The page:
is a momentary resolution of numerous and, very often, conflicting forces. A

    social fact can appear, but it can just as easily disappear, if there is an alteration

    in the alignment of forces upon which it rests. Frisby observes that in Simmels

    social theory the notion of substance is dissolved to that of threads.9 One

    might also add that these threads are constantly unravelling and ravelling anew.

    Paradoxically, if his pervasive aestheticism encouraged what has been referred

  • Georg Simmel: Clothes and Fashion


    to as Simmels sociological impressionism, it also alerts him to the importance

    of registering the precise forms and materialities of the physical environment

    in which we live. Aestheticism may elevate the mundane into the sublime but

    it also plunges the interpreter into the heart of an objects physical make-up,

    its formal composition and the sensual impact these have upon their perceiver.

    As a thinker, Simmel never rushes to overcome the sensuous presence of

    objects and just as he entitles one of his essays The Sociology of the Senses

    one might also claim that much of what concerns him is a Sociology of

    Material Form.10 It is this aesthetic sensibility which he brings to bear with

    such wonderful results on the social phenomena of clothing and fashion.


    Simmel makes a sharp distinction between fashion and clothes and sees no

    intrinsic link between those objects nominated as clothing and the broad

    social phenomena of fashion. In fact, he declares that fashion is a process

    capable of appearing in areas of life other than clothing:

    the domination of fashion is most unbearable in those areas which ought to be

    subject only to objective decisions: religiosity, scientific interests, and even socialism

    and individualism have all been the subject of fashion.11

    Simmel deals with clothing in his short essay Adornment.12 Like Spencer and

    Veblen, he follows the nineteenth-century anthropological convention in

    deriving clothes from a decorative impulse. He even tracks across the same

    ground as Spencer when he claims that clothing emerges from within a primitive

    matrix in which the individuals possessions, his or her bodily ornamentation

    and his or her sense of self have undergone a minimum of internal different-


    Among primitive peoples, it is reported, womens private property generally develops

    later than that of men and, originally, and often exclusively, refers to adornment.

    By contrast, the personal property of the male usually begins with weapons.13

    Simmel is never at his best when indulging in anthropological speculation of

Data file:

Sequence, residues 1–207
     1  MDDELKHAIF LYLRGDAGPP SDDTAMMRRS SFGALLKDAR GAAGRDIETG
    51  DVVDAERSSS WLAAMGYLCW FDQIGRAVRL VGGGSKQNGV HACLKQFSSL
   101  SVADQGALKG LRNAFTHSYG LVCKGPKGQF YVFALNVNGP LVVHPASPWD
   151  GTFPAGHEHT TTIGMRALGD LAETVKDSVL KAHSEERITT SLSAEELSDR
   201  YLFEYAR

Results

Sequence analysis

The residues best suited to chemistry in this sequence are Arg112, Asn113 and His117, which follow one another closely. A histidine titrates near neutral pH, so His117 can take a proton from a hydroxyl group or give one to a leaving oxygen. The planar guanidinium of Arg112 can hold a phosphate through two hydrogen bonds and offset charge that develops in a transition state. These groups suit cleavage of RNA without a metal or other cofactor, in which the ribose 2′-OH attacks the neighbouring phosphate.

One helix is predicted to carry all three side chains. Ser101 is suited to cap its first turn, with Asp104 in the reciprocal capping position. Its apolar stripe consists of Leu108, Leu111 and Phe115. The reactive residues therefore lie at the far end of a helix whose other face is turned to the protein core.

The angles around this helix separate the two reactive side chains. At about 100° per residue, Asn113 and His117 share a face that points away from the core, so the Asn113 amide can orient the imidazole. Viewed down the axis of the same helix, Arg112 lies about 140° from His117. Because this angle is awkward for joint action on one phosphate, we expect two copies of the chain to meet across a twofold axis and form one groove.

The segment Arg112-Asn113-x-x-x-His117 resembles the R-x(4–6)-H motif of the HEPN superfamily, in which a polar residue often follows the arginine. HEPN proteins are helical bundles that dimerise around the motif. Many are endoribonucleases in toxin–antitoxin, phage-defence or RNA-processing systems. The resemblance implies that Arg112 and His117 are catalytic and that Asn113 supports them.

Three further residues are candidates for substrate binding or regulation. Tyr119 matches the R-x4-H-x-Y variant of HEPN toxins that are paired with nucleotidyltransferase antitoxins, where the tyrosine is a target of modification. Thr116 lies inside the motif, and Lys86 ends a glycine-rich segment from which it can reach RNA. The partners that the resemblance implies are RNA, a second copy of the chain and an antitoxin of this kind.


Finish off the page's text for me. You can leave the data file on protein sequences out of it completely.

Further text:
this kind and observations such as these are quickly put to one side once he

    begins to elaborate his real theory of adornment, namely that adornment is

    an attempt on the part of the individual to extend the force field of his or her

    ego. As always, Simmel begins his analysis by positing a social fact, in this

    instance adornment, brought into being the through the interplay of two,

    logically opposed forces. These he describes in the following way:

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    Fashion Classics from Carlyle to Barthes

    Mans desire to please his social environment contains two contradictory tendencies,

    in whose play and counterplay in general, the relations among individuals take their

    course. On the one hand, it contains kindness, a desire of the individual to give the

    other joy; but on the other hand, there is the wish for this joy and these favours to

    flow back to him, in the form of recognition and esteem . . .14

    The nature of these forces is such that the presence of each becomes the con-

    dition for the realization of them both. The powerful need the weak because

    without their recognition the game of competition would never have come into

    being in the first place.

    Pleasing may thus become a means of the will to power: some individuals exhibit

    the strange contradiction that they need those above whom they elevate themselves

    by life and deed, for their own self-feeling upon the subordinates realization that

    they are subordinate.15

    A concrete and immediate vehicle for carrying the assertive drives of the ego

    out into the world is the body and its accoutrements. Simmel argues that a

    person may give pleasure to others by making him- or herself pleasing through

    adornment. This debt to pleasure will be returned to its originator in the form

    of esteem, envy and recognition. Clothing, he argues, appears within that set

    of objects and activities in which the individual strives to extend the power of

    the will over others by manipulating attractive body supplements. If the

    argument were to break off at this point there would not be much to differ-

    entiate Simmels argum